Thank you all very much for the replies! You have been VERY helpful.

Now Mr. James, how would I go about looking for a C4D home? Do I look for homes for sale withe a C4D option or homes for rent? Will the listing say anything about a C4D option or will I more than likely have to ask upon interest of the house? My husband and I dont have the best credit, and we are definitely saving for a down payment on a house, but we don't know the best way to build credit AND pay off debits. We have a 3 (almost 4) year old and we really want that "home" to start building memories in, instead of moving from apartment to apartment every year.

Thank you for any and all advice!
  • April 04 2012
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Hi Jenapher,

As wetdawgs says below Rent to Own is great for the landlord / seller and not so great for you.  If you are ready to own, and want to build your credit, look at the possibility of Contract for Deed (C4D).  C4D is more equitable to both sides.  You control payments, property tax, insurance.  If the seller reports to the credit agencies this is a great way to build your credit.  We have a few homes listed where the seller will consider C4D, usually with at least 10% down and will report to the credit bureaus.  The plan is often a three-year C4D, get your credit up, then change over to traditional finance.  In the TC metro area it is about 25% cheaper to own rather than rent so you are thinking in the right direction.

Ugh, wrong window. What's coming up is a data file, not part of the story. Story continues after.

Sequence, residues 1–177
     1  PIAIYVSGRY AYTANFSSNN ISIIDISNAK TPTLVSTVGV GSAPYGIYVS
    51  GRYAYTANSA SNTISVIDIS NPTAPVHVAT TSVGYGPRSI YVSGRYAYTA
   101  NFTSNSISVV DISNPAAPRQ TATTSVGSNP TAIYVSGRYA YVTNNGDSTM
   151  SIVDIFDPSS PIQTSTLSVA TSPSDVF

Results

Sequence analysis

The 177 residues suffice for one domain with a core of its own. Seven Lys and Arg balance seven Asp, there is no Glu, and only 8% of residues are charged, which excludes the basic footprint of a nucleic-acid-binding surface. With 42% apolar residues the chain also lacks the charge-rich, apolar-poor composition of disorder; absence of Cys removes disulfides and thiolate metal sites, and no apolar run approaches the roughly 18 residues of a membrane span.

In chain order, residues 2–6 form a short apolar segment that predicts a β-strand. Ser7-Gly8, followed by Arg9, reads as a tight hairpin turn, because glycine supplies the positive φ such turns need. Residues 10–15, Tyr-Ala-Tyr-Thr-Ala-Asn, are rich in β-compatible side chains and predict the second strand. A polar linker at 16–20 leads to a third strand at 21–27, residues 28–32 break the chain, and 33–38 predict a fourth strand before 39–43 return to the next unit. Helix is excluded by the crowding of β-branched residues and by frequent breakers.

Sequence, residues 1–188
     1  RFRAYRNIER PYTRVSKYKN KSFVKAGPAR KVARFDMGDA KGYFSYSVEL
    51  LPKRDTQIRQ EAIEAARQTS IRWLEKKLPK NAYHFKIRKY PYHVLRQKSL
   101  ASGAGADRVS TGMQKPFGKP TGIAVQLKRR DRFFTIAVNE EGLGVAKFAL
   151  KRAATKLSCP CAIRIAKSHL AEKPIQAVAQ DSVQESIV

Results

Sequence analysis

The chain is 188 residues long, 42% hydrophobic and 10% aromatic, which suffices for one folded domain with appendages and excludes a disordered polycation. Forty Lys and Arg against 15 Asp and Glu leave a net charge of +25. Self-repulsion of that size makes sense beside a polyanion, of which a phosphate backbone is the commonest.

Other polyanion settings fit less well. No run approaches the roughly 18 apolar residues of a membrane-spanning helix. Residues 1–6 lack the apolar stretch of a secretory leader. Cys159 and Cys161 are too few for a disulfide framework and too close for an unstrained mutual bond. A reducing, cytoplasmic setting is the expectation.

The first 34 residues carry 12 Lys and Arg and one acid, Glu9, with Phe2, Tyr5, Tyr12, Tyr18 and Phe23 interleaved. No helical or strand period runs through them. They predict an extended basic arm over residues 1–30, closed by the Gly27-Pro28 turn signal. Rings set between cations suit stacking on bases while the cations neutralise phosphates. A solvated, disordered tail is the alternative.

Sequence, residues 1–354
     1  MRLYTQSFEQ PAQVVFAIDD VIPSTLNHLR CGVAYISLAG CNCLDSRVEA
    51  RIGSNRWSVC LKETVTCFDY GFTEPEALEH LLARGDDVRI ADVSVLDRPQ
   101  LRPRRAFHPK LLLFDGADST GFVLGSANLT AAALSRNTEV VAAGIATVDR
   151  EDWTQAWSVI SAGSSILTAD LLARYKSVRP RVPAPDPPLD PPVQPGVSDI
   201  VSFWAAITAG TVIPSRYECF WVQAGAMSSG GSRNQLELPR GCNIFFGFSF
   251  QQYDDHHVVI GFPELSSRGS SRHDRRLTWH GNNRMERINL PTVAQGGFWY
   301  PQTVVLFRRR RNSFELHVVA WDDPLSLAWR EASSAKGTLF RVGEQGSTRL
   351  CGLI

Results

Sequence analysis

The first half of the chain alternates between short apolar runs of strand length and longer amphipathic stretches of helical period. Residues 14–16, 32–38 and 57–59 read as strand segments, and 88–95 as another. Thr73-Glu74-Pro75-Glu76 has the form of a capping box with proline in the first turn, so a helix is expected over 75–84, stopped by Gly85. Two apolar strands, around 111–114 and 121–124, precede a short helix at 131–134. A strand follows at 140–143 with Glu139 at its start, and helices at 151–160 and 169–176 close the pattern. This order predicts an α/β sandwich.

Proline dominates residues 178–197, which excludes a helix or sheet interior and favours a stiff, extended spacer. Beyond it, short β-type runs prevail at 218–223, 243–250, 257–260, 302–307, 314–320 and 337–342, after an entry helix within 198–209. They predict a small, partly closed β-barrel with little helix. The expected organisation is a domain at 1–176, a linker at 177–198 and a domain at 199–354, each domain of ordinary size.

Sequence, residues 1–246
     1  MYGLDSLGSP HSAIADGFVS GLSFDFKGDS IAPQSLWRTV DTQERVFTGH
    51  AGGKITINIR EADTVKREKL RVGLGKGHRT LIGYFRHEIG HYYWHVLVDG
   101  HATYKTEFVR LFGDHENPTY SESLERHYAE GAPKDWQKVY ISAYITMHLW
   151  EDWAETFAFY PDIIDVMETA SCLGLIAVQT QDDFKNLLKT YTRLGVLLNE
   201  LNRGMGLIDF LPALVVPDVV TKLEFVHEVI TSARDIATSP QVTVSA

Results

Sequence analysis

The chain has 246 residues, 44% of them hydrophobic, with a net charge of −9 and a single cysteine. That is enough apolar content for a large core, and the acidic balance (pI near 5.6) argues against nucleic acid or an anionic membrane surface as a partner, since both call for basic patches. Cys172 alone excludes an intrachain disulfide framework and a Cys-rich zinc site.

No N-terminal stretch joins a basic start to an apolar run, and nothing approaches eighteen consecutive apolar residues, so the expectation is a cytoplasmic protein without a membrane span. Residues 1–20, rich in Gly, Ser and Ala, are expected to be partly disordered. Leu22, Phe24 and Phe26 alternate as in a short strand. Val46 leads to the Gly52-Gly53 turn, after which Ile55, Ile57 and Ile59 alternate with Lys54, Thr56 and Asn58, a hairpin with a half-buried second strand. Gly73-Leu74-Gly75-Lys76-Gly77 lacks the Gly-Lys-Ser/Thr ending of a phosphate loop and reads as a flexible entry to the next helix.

• April 04 2012
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Profile picture for Joseph F Moore
Wetdawgs is 100% correct.  I don't know if it's possible to answer that question better.  Consider a contract for deed if you have the cash.  You might have to wait it out until your credit improves.

Talk to a mortgage banker to determine all your options.

Best of luck!
  • April 03 2012
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Profile picture for wetdawgs
Owners who will consider rent to own are very rare, so it will cut down your options considerably.   I consider it much smarter to spend a year or two working on improving your credit and (if necessary) saving up a good down payment.

Some features of rent to own:

1.  Down payment required - often substantial (say 10%) and is non-refundable if the potential buyer doesn't purchase.

2.  Monthly rental is above fair market rent, with the only amount going to purchase is the amount above the fair market rent.  This is also not refundable.

3.  If not qualified for financing at the agreed upon  time and price, then you lose everything. 

4.  The price is agreed upon at the beginning of the contract, and housing prices may still be decreasing.

5.  You still depend on the owner to pay their mortgage.   If they fail, you lose.

Rent to own is most often a losing proposition for the buyer.  
  • April 03 2012